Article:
Article ID: eN151028 | By: Hank Hanegraaff
“The heart of the problem is quite literally the problem of the heart.”—Os Guinness
If by chance you’ve paid careful attention, you might have noticed I’m on a “power trip.” After all, in newsletters this year I’ve addressed the power of vision, the power of paradigms, and the power of dynamic presence.
I’d like to round out this “Power 4-Pack” by sharing some thoughts on Christian persuasion. Not only because more Christian persuasion is desperately needed in every sector of our increasingly secular culture but also because Os Guinness has underscored the need in his newest book, Fool’s Talk: Recovering the Art of Christian Persuasion.
While a great many apologetics books provide helpful answers and tips for defending the Christian faith, many seem to promote a “one size fits all” approach that suffers from multiple shortcomings. First is the too-frequent assumption that people are open, interested, and needy, when if fact growing numbers are utterly indifferent or even hostile.
Second is the assumption that apologetics is all about winning rational arguments. With both sides of the “War for Truth” lobbing rationalistic grenades from their entrenched conceptual fortifications, too often the result is overloaded minds and underloaded hearts. If we truly wish to win others to Christ rather than merely winning arguments, we need to fundamentally understand, as Os says, that “the major work in the defense of the faith is about God and by God. It is not about us, and it is not up to us.”
Even more important, Guinness reminds us that “If the Christian faith is true, it is true even if no one believes it, and if it is not true, it is false even if everyone believes it. The truth of the faith does not stand and fall with our defense of it.”
Sobered (and hopefully emboldened) by that realization, we might do well to momentarily ramp down our argumentation and ramp up our empathy for those who are still as lost as we once were. Furthermore, we might at least temporarily desist from efforts to merely sharpen our logic, and invest some portion of our time to better understand the anatomy of the unbelieving mind and how this cognitive and volitional maze has been radically marred by the noetic effects of sin.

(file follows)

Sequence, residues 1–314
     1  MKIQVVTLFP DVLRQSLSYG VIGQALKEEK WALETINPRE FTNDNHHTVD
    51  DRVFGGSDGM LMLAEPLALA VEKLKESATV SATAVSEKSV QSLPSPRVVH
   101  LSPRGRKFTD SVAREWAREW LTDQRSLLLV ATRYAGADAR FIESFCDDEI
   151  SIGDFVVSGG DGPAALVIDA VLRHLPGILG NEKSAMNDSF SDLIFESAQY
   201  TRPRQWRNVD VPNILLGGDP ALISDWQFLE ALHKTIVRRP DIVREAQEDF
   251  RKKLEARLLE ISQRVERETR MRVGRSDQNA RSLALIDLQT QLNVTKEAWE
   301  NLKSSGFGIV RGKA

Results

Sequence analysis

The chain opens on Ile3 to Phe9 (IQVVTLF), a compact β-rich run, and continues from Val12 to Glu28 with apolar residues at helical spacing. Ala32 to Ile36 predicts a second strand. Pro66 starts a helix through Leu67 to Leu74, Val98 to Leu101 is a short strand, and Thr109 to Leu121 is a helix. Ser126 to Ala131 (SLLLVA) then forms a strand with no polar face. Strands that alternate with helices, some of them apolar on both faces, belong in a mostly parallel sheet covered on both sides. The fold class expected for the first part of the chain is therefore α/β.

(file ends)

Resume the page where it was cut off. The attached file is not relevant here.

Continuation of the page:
While the effects of sin on human minds have been and will remain more than formidable (including epistemic estrangement due to deliberate deafness), it could easily be argued that, from a cultural perspective, our battle to persuade unbelievers is increasingly “uphill.” Where once God’s existence was simply assumed by vast numbers of people, today’s mental environment is increasingly agnostic if not atheistic. Where once a gentle cultural breeze regarding Christianity was on our backs, so to speak, today an increasingly stiff secular and antagonistic wind is in our face.
Although we will do well to benefit from the wisdom, insights, and methods shared by Guinness in Fool’s Talk, we will likewise do well to recall that Jesus didn’t call us to “do His witnessing” but rather to be His witnesses (Acts 1:8).
I’ll go out on a limb here, but I’m guessing that you’ve never heard anyone say, “I’ll believe it when I hear it.” There’s a good reason why we say, “I’ll believe it when I see it.”
Perhaps that’s why when it comes to persuasion, a Christian life well lived is still the best apologetic as well as the best witness.